Dragon v2 (SpX-DM2) – Falcon 9 (B1058.1) – Kennedy LC-39A – 27.05.2020, 20:32 UTC

Автор zandr, 11.02.2020 23:04:30

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А будет ли разница в оплате если в полетят по уже заключенному контракту с фиксированной суммой, с плавающим количеством пусков.


ЦитироватьMarch 31, 2020

NASA, SpaceX Simulate Upcoming Crew Mission with Astronauts

On Thursday, March 19 and Friday, March 20, SpaceX teams in Firing Room 4 at NASA's Kennedy Space Center in Florida and the company's Mission Control in Hawthorne, California, along with NASA flight controllers in Mission Control Houston, executed a full simulation of launch and docking of the Crew Dragon spacecraft, with NASA astronauts Bob Behnken and Doug Hurley (front) participating in SpaceX's flight simulator.
Credits: SpaceX

Joint teams from NASA and SpaceX continue making progress on the first flight test with astronauts to the International Space Station by completing a series of mission simulations from launch to landing. The mission, known as Demo-2, is a close mirror of the company's uncrewed flight test to station in March 2019, but this time with NASA astronauts Bob Behnken and Doug Hurley aboard the Crew Dragon spacecraft launching atop a Falcon 9 rocket as part of NASA's Commercial Crew Program (CCP).

On Thursday, March 19 and Friday, March 20, SpaceX teams in Firing Room 4 at NASA's Kennedy Space Center in Florida and the company's Mission Control in Hawthorne, California, along with NASA flight controllers in Mission Control Houston, executed a full simulation of launch and docking of the Crew Dragon spacecraft, with NASA astronauts Bob Behnken (left) and Doug Hurley participating in SpaceX's flight simulator.
Credits: SpaceX

Over the last several months, key members of flight control teams working from NASA's Johnson and Kennedy Space Centers and SpaceX headquarters in Hawthorne, California, simulated different phases of the upcoming mission while the Demo-2 astronaut crew practiced procedures from inside a realistic simulator of Crew Dragon.

"The simulations were a great opportunity to practice procedures and to coordinate decision-making for the mission management team, especially with respect to weather," said Michael Hess, manager of Operations Integration for CCP. "Simulation supervisors do a great job at picking cases that really make the team think and discuss."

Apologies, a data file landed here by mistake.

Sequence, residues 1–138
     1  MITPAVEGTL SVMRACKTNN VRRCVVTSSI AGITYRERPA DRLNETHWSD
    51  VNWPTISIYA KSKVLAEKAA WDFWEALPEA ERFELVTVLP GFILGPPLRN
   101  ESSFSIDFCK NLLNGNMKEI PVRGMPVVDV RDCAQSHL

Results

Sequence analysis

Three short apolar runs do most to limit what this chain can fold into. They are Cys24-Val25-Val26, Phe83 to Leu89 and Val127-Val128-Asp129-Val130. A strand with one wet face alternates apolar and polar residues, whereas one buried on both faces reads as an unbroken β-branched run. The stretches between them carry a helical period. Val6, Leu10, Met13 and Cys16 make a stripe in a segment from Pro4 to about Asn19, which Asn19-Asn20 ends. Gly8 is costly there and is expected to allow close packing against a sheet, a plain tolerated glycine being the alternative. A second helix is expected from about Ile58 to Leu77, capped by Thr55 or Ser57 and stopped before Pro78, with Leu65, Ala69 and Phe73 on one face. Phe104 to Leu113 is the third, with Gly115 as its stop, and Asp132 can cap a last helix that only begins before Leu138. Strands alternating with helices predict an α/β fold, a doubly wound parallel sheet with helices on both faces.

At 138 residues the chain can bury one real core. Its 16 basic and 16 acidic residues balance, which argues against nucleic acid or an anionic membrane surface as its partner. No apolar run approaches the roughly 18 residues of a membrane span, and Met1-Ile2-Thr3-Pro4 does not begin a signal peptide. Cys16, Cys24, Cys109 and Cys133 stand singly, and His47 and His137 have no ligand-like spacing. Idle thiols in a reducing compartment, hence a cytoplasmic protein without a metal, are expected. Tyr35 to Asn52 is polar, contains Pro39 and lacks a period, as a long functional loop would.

Recent simulations saw teams execute timelines from hatch closure to undocking with the space station — as well as a free flight in preparation for re-entry and splashdown. In March, the control teams and crew ran through a simulated mission starting at prelaunch and continuing through ascent and eventual rendezvous with the station.

This recent sim makes the excitement all the more tangible, especially for the greater NASA team.

"What's happening in commercial crew is a big deal," Hess said. "It will be the first time to launch astronauts from U.S. soil since the end of the Space Shuttle Program in 2011, and it will be the first time since STS-1 that we will launch astronauts in a new spacecraft. This new spacecraft, Crew Dragon, was designed and built by SpaceX, not by NASA and traditional contractor partnerships — another first. Bob (Behnken) and Doug (Hurley) will definitely be earning their spacecraft test pilot wings with this mission. Also, the Space Station Program is really looking forward to another way to rotate crews to station to perform science and experiments to benefit all."

As the countdown clock winds down, Crew Dragon is undergoing final testing and prelaunch processing in a SpaceX facility on nearby Cape Canaveral Air Force Station. All the activity is also kicking off "more simulations, final crew training and flight readiness reviews to ensure all of the mission systems and subsystems are ready for a crewed test flight," Hess noted.

When Crew Dragon launches atop a Falcon 9 rocket with Behnken and Hurley strapped inside as early as mid-to-late May, it will herald a new era for human spaceflight, enabling greater access to low-Earth orbit and destinations beyond with the help of commercial partners.